The mysterious figure at the centre of a plot to sell thousands of photos hacked from the personal iCloud account of Pippa Middleton has claimed he had "no intention" of selling the images to the UK press and was only using the media to gain exposure.
Under the online pseudonyms "Crafty Cockney" and "Mas", the man in question contacted tabloid newspapers, including The Sun and the Daily Mail, and gave them 48 hours to make bids on 3,000 personal photos stolen from Middleton's iCloud account, asking for at least for £50,000.
Within seven hours, Crafty Cockney was in negotiations with several UK outlets, he claimed in an interview with Vocativ. The contact told the publication he was simply using the outlets to generate attention in the US.
"The UK press played into our hands. I had no intention of selling them anything," he said via an encrypted chat. "They have printed their authenticity. That's half the difficulty done for me. That was the plan from the start."
Roughly 24 hours after the conversation, Scotland Yard made an arrest in the case. Details of the man – who has been named as 35-year-old Nathan Wyatt from Northamptonshire – matched a "previously known" description of the hacker, Vocativ reported.
According to the Daily Mail, the suspect has since been released on bail.
Interestingly, the man using the Crafty Cockney moniker said that he was not responsible for hacking Middleton's personal account – instead claiming to simply be a middleman in the sale of the images – which reportedly included family pictures of members of the UK royal family.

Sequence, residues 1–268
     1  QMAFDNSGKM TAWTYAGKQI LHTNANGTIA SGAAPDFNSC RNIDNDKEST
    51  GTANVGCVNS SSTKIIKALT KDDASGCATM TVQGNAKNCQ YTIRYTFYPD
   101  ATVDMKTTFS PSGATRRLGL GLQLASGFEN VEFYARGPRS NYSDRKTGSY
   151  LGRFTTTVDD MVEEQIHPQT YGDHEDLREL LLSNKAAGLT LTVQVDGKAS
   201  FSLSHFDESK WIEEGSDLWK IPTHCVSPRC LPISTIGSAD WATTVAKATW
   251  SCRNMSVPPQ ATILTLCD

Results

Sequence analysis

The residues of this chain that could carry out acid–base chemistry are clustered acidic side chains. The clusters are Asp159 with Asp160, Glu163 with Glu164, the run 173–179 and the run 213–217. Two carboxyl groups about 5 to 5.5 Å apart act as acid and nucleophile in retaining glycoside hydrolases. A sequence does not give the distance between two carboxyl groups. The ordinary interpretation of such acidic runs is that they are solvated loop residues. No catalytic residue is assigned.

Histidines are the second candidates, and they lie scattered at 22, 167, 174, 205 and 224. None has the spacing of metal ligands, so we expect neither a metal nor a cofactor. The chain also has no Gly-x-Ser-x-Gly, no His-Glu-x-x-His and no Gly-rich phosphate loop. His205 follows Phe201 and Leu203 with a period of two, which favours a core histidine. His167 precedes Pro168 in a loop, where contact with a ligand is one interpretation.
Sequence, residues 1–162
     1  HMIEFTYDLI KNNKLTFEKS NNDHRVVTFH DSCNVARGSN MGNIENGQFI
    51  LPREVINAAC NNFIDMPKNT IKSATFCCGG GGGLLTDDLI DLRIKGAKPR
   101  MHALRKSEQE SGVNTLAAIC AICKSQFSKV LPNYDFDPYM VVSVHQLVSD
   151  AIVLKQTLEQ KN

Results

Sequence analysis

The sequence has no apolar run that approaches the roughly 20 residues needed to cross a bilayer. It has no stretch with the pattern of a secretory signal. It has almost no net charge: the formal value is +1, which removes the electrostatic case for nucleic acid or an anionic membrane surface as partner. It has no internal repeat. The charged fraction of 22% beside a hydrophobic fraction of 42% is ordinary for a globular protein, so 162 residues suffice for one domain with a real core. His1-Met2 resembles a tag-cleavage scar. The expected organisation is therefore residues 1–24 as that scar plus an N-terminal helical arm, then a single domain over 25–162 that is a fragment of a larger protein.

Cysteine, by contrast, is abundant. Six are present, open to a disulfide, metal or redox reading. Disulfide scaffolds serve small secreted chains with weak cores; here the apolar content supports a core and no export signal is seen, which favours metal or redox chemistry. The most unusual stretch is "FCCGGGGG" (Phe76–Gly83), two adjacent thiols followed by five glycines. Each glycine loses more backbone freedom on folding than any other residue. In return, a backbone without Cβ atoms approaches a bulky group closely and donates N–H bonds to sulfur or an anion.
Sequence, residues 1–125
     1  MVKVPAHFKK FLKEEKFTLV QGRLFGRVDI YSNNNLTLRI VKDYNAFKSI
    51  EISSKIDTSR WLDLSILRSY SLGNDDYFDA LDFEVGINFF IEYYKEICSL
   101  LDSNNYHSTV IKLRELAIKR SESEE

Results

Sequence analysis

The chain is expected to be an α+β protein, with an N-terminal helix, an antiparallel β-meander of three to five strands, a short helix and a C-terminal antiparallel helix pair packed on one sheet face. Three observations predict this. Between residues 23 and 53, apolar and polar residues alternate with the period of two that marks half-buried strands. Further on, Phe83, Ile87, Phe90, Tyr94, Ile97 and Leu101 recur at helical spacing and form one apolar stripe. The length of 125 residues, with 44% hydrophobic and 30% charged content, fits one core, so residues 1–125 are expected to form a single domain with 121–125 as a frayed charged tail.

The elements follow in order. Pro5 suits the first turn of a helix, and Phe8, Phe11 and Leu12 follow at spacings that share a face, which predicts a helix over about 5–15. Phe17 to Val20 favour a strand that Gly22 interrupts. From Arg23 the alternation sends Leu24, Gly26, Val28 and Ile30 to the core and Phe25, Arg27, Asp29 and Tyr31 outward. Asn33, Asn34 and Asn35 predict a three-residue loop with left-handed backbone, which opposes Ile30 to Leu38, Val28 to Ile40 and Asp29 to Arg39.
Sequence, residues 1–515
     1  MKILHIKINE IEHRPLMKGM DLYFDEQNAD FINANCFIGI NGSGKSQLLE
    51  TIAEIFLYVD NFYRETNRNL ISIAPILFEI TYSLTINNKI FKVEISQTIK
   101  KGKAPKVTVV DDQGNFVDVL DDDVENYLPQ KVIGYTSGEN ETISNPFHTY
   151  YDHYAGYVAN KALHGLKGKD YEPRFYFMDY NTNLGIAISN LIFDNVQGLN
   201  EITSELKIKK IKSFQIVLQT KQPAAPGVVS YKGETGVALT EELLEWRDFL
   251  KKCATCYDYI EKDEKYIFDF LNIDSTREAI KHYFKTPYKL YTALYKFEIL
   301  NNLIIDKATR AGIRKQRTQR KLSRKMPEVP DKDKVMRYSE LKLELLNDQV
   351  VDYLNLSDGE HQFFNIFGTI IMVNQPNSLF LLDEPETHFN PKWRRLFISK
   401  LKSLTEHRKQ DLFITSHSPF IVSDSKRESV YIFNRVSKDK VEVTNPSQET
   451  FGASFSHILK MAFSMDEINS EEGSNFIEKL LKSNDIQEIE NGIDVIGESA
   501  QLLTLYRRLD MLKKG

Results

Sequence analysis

"I'm not a hacker," he said, "Neither did I commit the hack. I'm of the community, but in all honesty I surprise myself I managed to get simple encryption working."
He continued: "Not to stereotype, but your average hacker or anyone really with a high intellect finds it hard to communicate outside their own social circles... so they come to me for a way to turn what they consider value into actual money. Simply put, I'm a middle man/translator for the community."
When asked by Vocativ if he knew how the hacker gained access to the images, he said: "I have no knowledge by choice... the reason being it would have no bearing on anything I do in regards to my help to broker a deal with whomever it would be."
If his claims are legitimate, it provides an insight into the underground world – or "community" – populated by those who hack, trade, and make money from the theft of celebrity photos. Such online accounts have become a frequent target for hackers in recent years.
In the most well-known example from August 2014, often referred to as "The Fappening" a number of public figures, including actors Kate Upton and Jennifer Lawrence, fell victim to spearphishing cyberattacks that eventually exposed a slew of private pictures to the web.